A Narcissist Walks Into A Bar, Because Two Is One Too Many

by George Beckerman

Marc and Daphne have agreed to go on a blind date. But it may never come about because in the restaurant’s parking lot, both wait in their respective cars, not wanting to make it seem that they arrived first. Why is this, you may ask? Because Marc and Daphne are narcissists.  Once they notice each other waiting, they have no choice but to exit their cars, approach and pretend that what happened did not.

Inside, Marc and Daphne simultaneously notice a mirror. There is subtle positional jostling, as each tries to take command of the reflector. With two vanity-driven wills of iron going head-to-head, let’s also call this round a draw.

Daphne is clearly annoyed that a pretty young woman at the next table listening to a waiter’s specials spiel has usurped attention she thinks always belongs to her. Daphne “oops” drops a fork, diverting the waiter. When he bends to retrieve it, she throws him a flirty smile and even flirtier “Thank you”, then glances childishly at the pretty young woman who is deep in conversation and couldn’t care less.  Feeling disrespected, Marc bounces back by complimenting the sommelier on her “illuminating hazel eyes” and orders a bottle of pricey Pinot Noir. Daphne interjects that she was disappointed by that very wine brought by a guest at a dinner party at a house she rents in Easthampton.  Marc miniaturizes Daphne’s Hamptons-drop by declaring that he just sold his house out there just last month, complaining that the area has gotten riff-raffy. He prefers Water Mill. Advantage Marc.

While Daphne is in the powder room, the sommelier brings a bottle of Cabernet. Marc is annoyed. He ordered the Pinot. She mentions that his date changed the wine order on her way to the ladies room. Marc instructs the sommelier to take it back and bring the Pinot. When Daphne returns, she pushes the conversation toward her new Rolex. Daphne jolts him by pointing out that his watch is a fake. It doesn’t have the laser-etched crown at six o’clock. Marc is humiliated. The sommelier comes back with the bottle of Cabernet again. Marc is livid. The somm tells him that Daphne changed it again on her way back from the ladies room.   Touchdown Daphne.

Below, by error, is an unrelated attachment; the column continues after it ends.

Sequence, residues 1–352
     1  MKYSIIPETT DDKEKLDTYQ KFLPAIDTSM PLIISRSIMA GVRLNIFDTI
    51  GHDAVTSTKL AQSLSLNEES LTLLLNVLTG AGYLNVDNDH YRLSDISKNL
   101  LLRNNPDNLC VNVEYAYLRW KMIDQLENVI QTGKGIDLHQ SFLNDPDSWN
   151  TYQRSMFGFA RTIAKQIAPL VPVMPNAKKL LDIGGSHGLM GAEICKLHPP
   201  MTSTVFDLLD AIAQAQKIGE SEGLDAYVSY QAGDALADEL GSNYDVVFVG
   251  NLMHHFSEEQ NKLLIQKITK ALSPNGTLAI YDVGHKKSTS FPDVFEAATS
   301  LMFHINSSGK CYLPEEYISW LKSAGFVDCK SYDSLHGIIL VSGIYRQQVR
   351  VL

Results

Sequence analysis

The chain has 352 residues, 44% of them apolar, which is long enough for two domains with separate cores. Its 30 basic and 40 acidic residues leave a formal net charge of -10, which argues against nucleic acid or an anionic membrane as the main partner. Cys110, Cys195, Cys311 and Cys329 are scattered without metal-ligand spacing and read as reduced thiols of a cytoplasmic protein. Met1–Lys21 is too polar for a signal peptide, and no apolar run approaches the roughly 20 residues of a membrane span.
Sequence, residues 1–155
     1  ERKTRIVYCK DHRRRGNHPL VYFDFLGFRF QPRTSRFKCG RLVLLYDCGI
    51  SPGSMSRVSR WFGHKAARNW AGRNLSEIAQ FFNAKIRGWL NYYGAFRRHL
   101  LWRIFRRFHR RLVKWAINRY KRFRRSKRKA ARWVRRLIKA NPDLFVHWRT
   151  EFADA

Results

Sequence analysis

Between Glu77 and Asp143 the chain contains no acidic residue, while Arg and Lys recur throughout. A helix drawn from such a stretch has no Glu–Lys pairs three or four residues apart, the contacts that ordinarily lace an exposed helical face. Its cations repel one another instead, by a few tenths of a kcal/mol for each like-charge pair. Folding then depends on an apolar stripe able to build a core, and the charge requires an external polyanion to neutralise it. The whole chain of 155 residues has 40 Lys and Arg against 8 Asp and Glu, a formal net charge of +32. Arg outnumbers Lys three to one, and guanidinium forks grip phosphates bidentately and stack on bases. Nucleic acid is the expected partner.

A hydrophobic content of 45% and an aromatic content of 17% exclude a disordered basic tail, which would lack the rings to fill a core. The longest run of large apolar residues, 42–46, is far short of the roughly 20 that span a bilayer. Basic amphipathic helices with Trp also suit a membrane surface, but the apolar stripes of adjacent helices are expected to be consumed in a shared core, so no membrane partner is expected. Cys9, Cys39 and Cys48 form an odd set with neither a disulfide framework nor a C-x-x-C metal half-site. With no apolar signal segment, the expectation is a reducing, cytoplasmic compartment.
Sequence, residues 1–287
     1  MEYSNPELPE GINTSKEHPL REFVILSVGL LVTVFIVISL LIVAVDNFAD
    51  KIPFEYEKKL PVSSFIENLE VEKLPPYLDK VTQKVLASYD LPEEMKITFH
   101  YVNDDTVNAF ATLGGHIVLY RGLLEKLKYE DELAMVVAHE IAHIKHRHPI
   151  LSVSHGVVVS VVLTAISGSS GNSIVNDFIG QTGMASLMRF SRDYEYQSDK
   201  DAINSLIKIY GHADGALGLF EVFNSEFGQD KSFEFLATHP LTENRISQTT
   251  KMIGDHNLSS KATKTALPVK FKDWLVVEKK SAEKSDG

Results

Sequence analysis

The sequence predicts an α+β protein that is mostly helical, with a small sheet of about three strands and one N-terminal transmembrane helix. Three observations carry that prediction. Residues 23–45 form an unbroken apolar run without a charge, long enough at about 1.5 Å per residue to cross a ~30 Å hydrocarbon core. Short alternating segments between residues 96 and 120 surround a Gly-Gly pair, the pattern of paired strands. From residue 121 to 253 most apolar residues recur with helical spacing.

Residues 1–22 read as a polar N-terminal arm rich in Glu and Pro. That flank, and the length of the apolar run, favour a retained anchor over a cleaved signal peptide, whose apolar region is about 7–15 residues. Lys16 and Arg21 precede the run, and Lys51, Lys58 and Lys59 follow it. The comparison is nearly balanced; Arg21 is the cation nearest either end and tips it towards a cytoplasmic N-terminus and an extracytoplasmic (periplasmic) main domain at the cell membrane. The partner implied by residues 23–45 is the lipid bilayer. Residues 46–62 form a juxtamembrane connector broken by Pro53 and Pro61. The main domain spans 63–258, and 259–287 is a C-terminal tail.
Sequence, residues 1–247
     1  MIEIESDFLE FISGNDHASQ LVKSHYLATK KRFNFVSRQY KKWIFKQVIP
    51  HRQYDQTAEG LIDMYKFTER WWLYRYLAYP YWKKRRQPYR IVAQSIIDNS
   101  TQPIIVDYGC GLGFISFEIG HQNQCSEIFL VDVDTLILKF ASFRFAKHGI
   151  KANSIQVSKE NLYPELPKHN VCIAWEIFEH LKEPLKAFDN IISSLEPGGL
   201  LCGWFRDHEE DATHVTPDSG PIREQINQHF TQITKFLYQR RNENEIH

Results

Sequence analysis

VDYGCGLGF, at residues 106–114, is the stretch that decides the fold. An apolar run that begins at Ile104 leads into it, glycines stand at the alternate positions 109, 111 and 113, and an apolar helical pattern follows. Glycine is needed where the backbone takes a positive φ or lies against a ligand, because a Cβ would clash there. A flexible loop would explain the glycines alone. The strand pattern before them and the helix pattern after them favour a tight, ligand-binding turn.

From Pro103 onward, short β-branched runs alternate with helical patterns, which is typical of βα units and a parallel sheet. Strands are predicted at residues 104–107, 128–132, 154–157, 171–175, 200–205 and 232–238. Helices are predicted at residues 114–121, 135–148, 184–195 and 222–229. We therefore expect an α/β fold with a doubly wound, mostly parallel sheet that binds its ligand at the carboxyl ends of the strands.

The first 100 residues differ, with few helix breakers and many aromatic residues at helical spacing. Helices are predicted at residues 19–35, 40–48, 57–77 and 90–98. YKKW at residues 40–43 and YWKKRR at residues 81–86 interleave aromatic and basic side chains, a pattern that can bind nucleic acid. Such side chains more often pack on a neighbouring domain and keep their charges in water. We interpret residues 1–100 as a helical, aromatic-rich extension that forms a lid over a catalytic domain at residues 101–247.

The evening, heading south, takes an unexpected turn when a somewhat homely-looking couple is seated adjacently by the maître d. Marc and Daphne make coinciding derogatory asides about the couple. Their eyes meet and smiles glow in pleasant surprise. For the first time both consider that a relationship could be very possible.

When the waiter brings Marc’s sixteen ounce steak, he examines it, then sends it back. Not well-done enough. His power play gets a nod of approval from Daphne. When her twelve-ouncer arrives, she rejects it before the waiter can even place it in front of her. Not rare-enough. As the server scurries away, our couple exchange looks of “Well-played”. The relationship possibility quotient is on the rise.

But what seals the deal is when a busboy trips and falls, sending dishes flying.  While everyone else in the place is sympathetic to the poor guy, and help him up. Our two beauties cannot contain their laughter. And when they’re stared at from all angles, they just shrug and reach their hands to each other across the table.

The check comes, but we won’t even get into who reaches for it first, if anyone. Stunning is their perverse pleasure in demanding the amount be reduced because of unhappiness over the wine and the steak or the chocolate grand marnier dessert, which by the way was on the house because of the complaining about the wine and the steak.  And as you can imagine, narcissists are not great tippers. The wait staff can be heard cursing under their collective breath as the two leave the establishment.

Marc and Daphne stand in the parking lot, each waiting for the other to make the kiss move because neither’s pride, thirst for control or just plain insecurity will allow them to initiate. As the Legends In Their Own Minds standoff continues, the parking lot empties of diners, then eventually employees and finally parking lot attendants, leaving our subjects alone and stalemated outside the darkened venue even as the sun begins to rise.

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